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“You can’t hit what you can’t see”  –Walter Johnson, major league pitcher from 1910s

As you take more control of your personal finances, there will come a time when you need to start tracking it somehow.  Maybe you’ll be hyper-obsessive like I am and look at it multiple times a day (which objectively is stupid since the numbers don’t change that fast, but I do it anyway).  Or maybe you’ll want to see what things look like every week or every month to make sure you are on track.  Either way, you’ll need some way to track your finances.

There are two major options: a program you purchase and install on your computer like Quicken, or an internet website that consolidates your online accounts like Mint.  For the longest time I was a Quicken devotee (and before that I used Microsoft Money), and then I recently switched to Mint.  This post is going to be looking at the pros and cons of each, Dr Jack-style, to help you pick the one that will work best for you.

TRACKING SPENDING:  Both do this fairly well.  You can download your bank and credit card activity, and both do a somewhat decent job classifying the expenses into the different categories.  I think this is a bit of “the price of admission” that you should absolutely expect.

There is one feature that I really liked about Quicken that I don’t get with Mint—the ability to split expenses.  When I go to Costco and spend $300, I can only use a single category in Mint, so I use “groceries”.  However, in real life, that $300 was split into $150 for groceries, $30 for pet food, $70 for Foxy Lady’s contacts, and $50 for some pool toys for Lil’ and Mini.  In Quicken I can split that $300 expense into those different categories which is really nice when you want to compare your spending to your budget.

[EDITOR’S NOTE:  After posting this, a reader named Ashleigh mentioned that you could indeed split transactions in Mint.  It took some tinkering around but I figured out how to do it.  She was indeed correct.  That said, I must say that it’s not the most user-friendly or intuitive process.  But hey, it’s free so I can’t complain, even though I just did.]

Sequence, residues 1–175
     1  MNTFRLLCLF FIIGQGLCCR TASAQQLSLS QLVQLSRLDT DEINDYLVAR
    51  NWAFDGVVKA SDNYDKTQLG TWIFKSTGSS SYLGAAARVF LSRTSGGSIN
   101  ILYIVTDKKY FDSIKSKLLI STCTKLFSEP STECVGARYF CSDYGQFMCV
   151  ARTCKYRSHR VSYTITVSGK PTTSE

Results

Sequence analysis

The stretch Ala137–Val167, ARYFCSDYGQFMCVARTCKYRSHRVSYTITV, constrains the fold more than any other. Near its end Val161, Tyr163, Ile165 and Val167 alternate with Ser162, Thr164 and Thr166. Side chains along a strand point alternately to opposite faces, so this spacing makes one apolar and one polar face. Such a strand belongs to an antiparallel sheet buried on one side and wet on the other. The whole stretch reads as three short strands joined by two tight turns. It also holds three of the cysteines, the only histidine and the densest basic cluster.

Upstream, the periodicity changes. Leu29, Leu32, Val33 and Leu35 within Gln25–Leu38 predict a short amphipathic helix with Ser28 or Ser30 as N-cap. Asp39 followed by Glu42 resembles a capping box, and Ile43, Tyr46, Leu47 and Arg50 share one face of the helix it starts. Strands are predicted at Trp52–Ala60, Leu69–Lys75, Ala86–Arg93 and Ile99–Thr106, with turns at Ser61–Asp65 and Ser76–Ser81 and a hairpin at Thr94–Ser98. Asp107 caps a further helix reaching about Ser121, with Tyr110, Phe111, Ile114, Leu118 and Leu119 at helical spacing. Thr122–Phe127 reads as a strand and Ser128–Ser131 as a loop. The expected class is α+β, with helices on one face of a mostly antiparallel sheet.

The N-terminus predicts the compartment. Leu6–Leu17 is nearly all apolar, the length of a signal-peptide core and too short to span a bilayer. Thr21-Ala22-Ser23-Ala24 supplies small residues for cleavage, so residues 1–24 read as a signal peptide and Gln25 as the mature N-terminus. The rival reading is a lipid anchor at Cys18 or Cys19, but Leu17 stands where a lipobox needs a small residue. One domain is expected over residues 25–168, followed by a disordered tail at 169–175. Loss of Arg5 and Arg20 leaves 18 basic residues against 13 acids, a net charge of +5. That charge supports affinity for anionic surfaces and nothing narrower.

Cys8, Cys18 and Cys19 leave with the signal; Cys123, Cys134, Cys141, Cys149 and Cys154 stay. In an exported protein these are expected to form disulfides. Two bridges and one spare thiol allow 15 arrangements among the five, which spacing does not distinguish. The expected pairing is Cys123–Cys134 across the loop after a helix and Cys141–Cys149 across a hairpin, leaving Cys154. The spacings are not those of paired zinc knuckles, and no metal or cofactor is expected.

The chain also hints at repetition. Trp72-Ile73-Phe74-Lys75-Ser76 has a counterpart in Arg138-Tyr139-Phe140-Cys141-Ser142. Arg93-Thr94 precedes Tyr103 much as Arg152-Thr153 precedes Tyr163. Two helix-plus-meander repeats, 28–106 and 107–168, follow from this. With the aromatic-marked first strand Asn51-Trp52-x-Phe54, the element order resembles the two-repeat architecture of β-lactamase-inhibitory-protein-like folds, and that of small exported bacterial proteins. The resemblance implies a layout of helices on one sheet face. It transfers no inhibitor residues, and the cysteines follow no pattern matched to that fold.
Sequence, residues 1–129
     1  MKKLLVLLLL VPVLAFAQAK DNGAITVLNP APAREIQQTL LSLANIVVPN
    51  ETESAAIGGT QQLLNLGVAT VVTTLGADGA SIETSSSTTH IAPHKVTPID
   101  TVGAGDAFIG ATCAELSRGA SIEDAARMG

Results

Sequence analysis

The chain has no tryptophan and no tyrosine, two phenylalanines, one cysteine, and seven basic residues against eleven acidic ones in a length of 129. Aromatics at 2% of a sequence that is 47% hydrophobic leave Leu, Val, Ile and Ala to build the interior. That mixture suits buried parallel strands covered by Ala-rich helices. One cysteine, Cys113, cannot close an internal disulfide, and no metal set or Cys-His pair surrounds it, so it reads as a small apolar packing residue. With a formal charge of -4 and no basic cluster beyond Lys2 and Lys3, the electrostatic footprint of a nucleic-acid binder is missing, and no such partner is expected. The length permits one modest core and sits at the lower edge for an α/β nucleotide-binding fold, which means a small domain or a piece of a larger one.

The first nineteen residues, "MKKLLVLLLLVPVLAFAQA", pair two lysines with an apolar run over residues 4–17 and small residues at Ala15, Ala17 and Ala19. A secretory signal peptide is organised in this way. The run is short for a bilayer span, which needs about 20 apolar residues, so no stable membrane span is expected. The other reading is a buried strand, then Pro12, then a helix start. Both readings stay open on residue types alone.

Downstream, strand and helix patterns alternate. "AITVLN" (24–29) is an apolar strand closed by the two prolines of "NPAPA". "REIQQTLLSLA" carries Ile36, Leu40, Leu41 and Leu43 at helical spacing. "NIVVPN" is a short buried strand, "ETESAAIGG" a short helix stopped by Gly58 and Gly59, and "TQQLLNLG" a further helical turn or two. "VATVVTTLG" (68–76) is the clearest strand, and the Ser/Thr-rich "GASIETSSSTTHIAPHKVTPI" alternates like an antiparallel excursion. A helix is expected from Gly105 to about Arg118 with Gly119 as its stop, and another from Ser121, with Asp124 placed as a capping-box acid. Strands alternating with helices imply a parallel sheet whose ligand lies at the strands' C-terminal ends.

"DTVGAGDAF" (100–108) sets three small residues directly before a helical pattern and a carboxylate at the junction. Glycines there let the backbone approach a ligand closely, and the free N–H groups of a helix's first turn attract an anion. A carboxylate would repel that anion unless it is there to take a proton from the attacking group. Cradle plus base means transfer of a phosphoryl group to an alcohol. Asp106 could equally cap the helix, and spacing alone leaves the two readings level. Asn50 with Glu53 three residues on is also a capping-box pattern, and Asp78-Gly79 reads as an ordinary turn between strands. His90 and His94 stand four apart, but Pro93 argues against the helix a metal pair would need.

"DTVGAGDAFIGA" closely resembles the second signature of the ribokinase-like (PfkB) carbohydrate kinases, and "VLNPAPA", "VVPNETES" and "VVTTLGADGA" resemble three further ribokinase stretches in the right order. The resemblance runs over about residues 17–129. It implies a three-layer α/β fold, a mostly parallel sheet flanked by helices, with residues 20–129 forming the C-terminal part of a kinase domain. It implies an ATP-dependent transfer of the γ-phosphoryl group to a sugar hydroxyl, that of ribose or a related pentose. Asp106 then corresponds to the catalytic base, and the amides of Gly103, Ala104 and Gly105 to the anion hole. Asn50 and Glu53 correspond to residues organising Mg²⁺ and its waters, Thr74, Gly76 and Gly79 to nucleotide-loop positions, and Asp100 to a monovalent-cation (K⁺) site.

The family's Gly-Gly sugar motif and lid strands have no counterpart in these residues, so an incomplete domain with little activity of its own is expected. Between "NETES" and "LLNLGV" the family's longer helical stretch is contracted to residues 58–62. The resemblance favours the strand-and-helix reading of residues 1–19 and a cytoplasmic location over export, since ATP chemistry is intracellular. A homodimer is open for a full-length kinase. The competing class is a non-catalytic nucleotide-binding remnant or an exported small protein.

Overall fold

Advantage: Slight edge to Quicken

PROJECTING FUTURE SPENDING:  This is a really nice feature in Quicken that you don’t have in Mint.  When you look at the cash flow of your checking account, it’s nice to look into the future to make sure that your balance doesn’t fall below a certain level.  So you might get a paycheck or two, but then you’ll have your mortgage, a credit card payment, and a couple bills, all of which are hitting on different dates.  That’s a lot of moving parts.

If you’re like me and you try to keep your checking account’s balance fairly low, freeing up the extra money to invest where you can get a higher return, then you need to be a little more precise.  This is probably the single biggest feature that I miss by switching from Quicken to Mint.

Advantage:  Quicken

ACCURACY:  With Mint the website downloads your transactions and then does its thing.  Most of the time this works well but sometimes it doesn’t work and the results look goofy.  Look at the picture from Mint for one of my investments.  Notice how it thinks that I invested $321.69 and that has increased $26,747.  While I would like to think that I am that brilliant of an investor, I can assure you I’m not.  For some reason the download had a bug in it.  With Quicken, you can actually go into the file and manually change things to take care of stuff like that.


Advantage: Quicken

NON-BANK STUFF:  A lot of people have financial “stuff” going on that isn’t with your bank or brokerage account.  Sometimes it might be off-the-book loans like maybe your parents helped with the down payment on your house.  With us, I have stock options that aren’t in an account compatible with Mint, so I don’t have visibility to them.  With Mint, if you can’t download them they don’t exist.  Obviously that creates a bit of a problem if you want to take these into account.

With Quicken if you have stuff like that you can manually create accounts and transactions.  It’s not ideal and certainly not as easy as downloading them, but sometimes something is better than nothing.

Advantage: Quicken

ANALYSIS:  Quicken has a lot more robust offering of analyses that you can use, including a host of reports that you can customize to show whatever you want.  I used these to track how my spending was doing to my budget as well as a report that showed how my investments were doing.  Mint has some useful reports, but it isn’t anything near as robust as what Quicken has.

However, Quicken does have a bit of overkill.  There are all kinds of reports that it offered that I didn’t use, or even worse used and thought gave bad advice.  Quicken had a retirement projection tool that I played around with.  It said that at 65 I would have something like $5 million, but that I would run out of money by 90.  Ludicrous.  I didn’t use that tool after that.

Advantage: Quicken

CONNECTIVITY:  This is one of the areas where Mint really shines.  Its whole platform is based on smooth, seamless connectivity with all your accounts.  Everything is designed to make this easy—from initially linking your accounts to Mint, to updating them.  I love Mama and Papa Lynx (my in-laws) to death, but sometimes they aren’t the most technologically savvy.  They got everything up and running in Mint without any problems, so you know it’s pretty user-friendly.